Thursday, April 17, 2014 · 2:43 a.m.
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Chattanooga’s fire and police pension fund is in trouble.

This chart shows the loss in market assets for the city’s public safety pension fund. The data comes from the Chattanooga fire and police pension fund, Actuarial Valuation Reports, 1997-2013. (Graphic: Vijay Kapoor)

An estimated $150 million funding gap is expected to rise to $200 million in five years. The situation prompted Mayor Andy Berke to form a task force to study the fund and reach an agreement for resolving the shortfall by a Dec. 31 deadline.

Many questions remain unanswered. How much do retirement benefits actually cost? What solutions are on the table? How will pension cuts affect employee morale?

Even asking how the fund racked up such a large shortfall elicits conflicting responses. But most agree on at least one key point: The market crash of 2008 wiped out about 30 percent of the fund’s real-dollar value.

It’s a story that has played out in many U.S. cities over the past five years.

Pension funds’ investment portfolios took a massive hit from the collapse of the housing bubble and the Great Recession. The retirement systems in 61 major cities had a combined liability of $99 billion in fiscal year 2012, the most recent year with complete data, according to a report by The Pew Charitable Trusts (PDF).

A few cities weathered the storm better than others.

Pension funds in Milwaukee; Memphis; and Charlotte, N.C.; received good grades in the Pew report. (One of those cities has since become embroiled in its own pension fight. A study recently concluded that Memphis’ retirement system is "unsustainable.")

Some Southern cities didn’t fare well, including Atlanta; Nashville; and Little Rock, Ark.

The Atlanta City Council approved changes to its retirement system in 2011 because of a $1.5 billion shortfall.

The changes raised employee contributions and reduced the cost-of-living adjustment—two ideas recently floated in Chattanooga. Most future employees would receive a smaller pension and be put in a plan similar to a 401(k), according to Business Insider.

Public employee unions sued the city of Atlanta earlier this month over the increase in employee contributions.

Milwaukee’s best
Milwaukee’s funded status, the ability to pay current and future retirement benefits, was more than 100 percent earlier this year.

The pension system there was called a model for other cities in an October NPR report:

It’s not rocket science, says Elizabeth Kellar, president and CEO of the Center for State and Local Government Excellence. She says Milwaukee outperforms nearly everywhere else because it makes retirees a priority.

"They pay their annual required contribution very consistently," Kellar says. "So that means in good years or bad, they’re maintaining a very good discipline."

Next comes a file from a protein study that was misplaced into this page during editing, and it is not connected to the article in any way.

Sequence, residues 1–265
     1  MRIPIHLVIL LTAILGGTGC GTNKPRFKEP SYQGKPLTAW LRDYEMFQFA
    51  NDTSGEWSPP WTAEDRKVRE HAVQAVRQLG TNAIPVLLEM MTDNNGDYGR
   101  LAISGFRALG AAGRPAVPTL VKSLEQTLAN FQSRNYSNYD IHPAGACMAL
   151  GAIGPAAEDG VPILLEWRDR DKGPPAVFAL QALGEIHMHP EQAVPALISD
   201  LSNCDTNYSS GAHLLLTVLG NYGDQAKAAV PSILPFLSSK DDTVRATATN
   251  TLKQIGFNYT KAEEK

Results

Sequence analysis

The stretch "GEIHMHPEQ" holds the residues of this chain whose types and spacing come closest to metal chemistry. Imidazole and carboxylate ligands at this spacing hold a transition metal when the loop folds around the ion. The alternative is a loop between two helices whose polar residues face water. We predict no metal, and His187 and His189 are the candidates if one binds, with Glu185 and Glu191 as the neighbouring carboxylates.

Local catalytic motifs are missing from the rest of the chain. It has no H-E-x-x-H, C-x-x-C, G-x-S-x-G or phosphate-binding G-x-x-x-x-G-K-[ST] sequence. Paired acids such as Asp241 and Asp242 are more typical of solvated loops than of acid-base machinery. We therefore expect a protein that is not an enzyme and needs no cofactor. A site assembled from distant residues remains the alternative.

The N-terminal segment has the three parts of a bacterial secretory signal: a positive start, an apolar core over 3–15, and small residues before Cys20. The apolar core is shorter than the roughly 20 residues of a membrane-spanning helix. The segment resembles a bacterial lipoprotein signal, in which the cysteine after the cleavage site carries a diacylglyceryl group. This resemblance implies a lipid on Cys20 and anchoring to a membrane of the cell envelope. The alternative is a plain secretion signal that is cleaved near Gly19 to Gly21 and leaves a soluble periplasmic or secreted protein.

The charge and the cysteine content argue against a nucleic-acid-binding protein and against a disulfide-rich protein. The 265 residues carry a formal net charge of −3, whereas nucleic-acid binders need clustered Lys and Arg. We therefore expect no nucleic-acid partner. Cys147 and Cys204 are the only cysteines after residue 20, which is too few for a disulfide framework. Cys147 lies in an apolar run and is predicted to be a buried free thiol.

Milwaukee’s retirement system also offers a smaller benefits package than many cities. The average payout is $23,000 a year. But the city still plans to change its benefit structure in 2014. New employees will have to work more years before retirement, and overall benefits will be reduced.

Scenic City options
According to the Pew report, a city’s ability to meet its obligations depends on three factors: fiscal discipline in making its annual required contribution, the accuracy of assumptions used to determine funding status and decisions about workers’ benefits.

Why funding gaps matter

If pension costs go up, funds for other local services may go down or taxes may need to be increased, a recent Pew report states.

Chattanooga’s annual required contribution was $2.9 million in 2000, the year the current benefits structure went into place. This year, Chattanooga budgeted $14.5 million, or about 7 percent of its operating budget.

The pension board submitted a proposal last month that raises employee contributions, reduces the COLA and makes other changes. In all, those changes would lower the city’s annual required contribution over the next quarter of a century. The rub is that the city’s bills will probably remain high no matter how the numbers get sliced.

Travis McDonough, the mayor’s chief of staff, recently called the proposal a good first step but said, "There’s more work to be done." He cited additional changes to the benefit structure, such as the deferred retirement option plan, or DROP.

But Frank Hamilton, the pension fund’s administrator, thinks that the city’s contribution levels should be reviewed, too.

Even though the city’s contribution has increased year over year, he cites pressure by the previous administration to keep its bills low. Regardless of what changes are made, if the city only pays the minimum required, it’s going to take 25 years to pay off the unfunded liability, he said.

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